Did you decide to decorate in this style or was there an evolution to your decorating process?
I think that my decor decisions are more visceral, so I guess an evolution would be more accurate. The more spaces I decorate, the more I realize my decorating habits, the types of things that I tend to incorporate. For example, it became clear after decorating several homes that I love to inundate spaces with plants. Once I recognized that about myself, it became part of my “thing,” and now I make more conscious decisions to add plants into spaces. Same goes for worldly textiles like Handira, Suzani, Kilim and Otomi, and same goes for mid-century lines and upcycled details.
[Clockwise from top left: Vintage 1973 Macrame Lamp by mrbarnes5; Ikat Pillow Cover by islimi; Reclaimed Wood Coffee Table by AtlasWoodCo; Grapewood and Air Plant Centerpiece by TheLivingArt; VIntage Kilim Rug by NoonGallery; Hanging Air Plant Pod Trio by mudpuppy.]
What inspires you when it comes to decorating?
I have a great group of friends that inspire me — my sister Faith, who is an interior designer, and my friend Dabito are two people who come immediately to mind. I am also very much inspired by travel — even local travel, like a trip to the beach or an art gallery downtown. I also find it inspiring to see odd pairings — things that normally one wouldn’t put together — which somehow work. And lastly, I am a huge fan of creative reuse. I love to see items in new contexts. I love to be surprised and delighted in design, turning form and function on its head and seeing where it takes us.
[Clockwise from top left: Hanging Wooden Wine Rack by AspenBottleHolders; Handwoven rag rug by Gunaspalete; Mosaic Steer Skull made with Handcut Glass Tiles by Jiveworks; Reclaimed Wood and Solid Steel Dining Table by dylangrey; African Inspired Art Quilt Wall Hanging by QuirkyQuilts; Fabric Spider Plant by sian.]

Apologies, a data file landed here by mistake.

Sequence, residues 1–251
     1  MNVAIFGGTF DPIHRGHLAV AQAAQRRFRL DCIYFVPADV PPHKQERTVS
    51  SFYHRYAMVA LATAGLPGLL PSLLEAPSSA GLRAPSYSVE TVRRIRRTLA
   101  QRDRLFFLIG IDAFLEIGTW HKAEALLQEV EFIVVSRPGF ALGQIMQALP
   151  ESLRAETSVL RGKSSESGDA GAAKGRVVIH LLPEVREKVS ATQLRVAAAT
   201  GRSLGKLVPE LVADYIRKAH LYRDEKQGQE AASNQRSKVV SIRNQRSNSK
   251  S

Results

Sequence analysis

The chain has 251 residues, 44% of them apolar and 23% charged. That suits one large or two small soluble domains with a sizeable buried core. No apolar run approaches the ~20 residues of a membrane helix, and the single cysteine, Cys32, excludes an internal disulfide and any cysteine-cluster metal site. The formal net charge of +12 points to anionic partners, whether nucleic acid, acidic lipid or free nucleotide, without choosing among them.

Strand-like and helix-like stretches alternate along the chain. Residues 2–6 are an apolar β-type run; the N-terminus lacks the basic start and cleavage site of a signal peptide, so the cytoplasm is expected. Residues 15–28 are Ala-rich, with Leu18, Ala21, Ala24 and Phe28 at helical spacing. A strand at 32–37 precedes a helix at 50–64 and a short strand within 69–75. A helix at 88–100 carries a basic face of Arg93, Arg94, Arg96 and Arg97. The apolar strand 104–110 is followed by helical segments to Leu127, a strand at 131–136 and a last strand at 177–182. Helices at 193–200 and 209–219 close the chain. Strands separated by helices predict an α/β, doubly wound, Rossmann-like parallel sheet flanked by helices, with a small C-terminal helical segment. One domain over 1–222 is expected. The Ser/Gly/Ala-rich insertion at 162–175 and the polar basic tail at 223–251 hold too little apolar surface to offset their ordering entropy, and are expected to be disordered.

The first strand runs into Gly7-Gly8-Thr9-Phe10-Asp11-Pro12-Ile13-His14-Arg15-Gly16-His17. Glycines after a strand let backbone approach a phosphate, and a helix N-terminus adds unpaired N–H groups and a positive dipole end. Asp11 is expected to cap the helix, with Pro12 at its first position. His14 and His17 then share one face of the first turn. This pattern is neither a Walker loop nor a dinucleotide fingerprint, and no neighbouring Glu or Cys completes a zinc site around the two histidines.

Where are your favorite places to shop for home items?
I love to shop while traveling, from the Grand Bazaar in Istanbul to the Souk in Marrakech, but when I’m local, I go religiously to the Rose Bowl Flea market. I also frequent random thrift shops — there are a lot in my neighborhood, along Sunset Boulevard. I also like a lot of boutique-type shops. A few that come to mind are Dekor, Rolling Green, Lawson Fenning, Inheritance, Amsterdam Modern…there are many. Online, I scour Craigslist, eBay and Etsy — daily.
[Clockwise from top left: Set of Two Turquoise Pillows by studiotullia; Custom Made to Fit Bay Window Seat Storage Bench by Ablesaw; Vintage Fishing Float by lightinawormhole; Topform Rosewood Modular Shelving System by AardewerkenZo; Green Diagonal Brick Planter by OpenSystem; Antique Mill Textile Wood Spools by thelostrooms; Glass Terrarium by JechoryGlassDesigns; Floor Cushion in Grey by madebyzigzag; Haldensleben Fat Lava Striped Vase by GoGoBerlinette.]
Does your home hold any strong memories?
I’ve lived here for a little over a year, but seeing as how this is the place where we’re creating a family, I’m sure this home will go down in the books for us. Also, we have a couple of possum friends who aren’t shy about visiting us through the cat door and eating all of Luda’s food. I don’t expect I’ll be forgetting that anytime soon.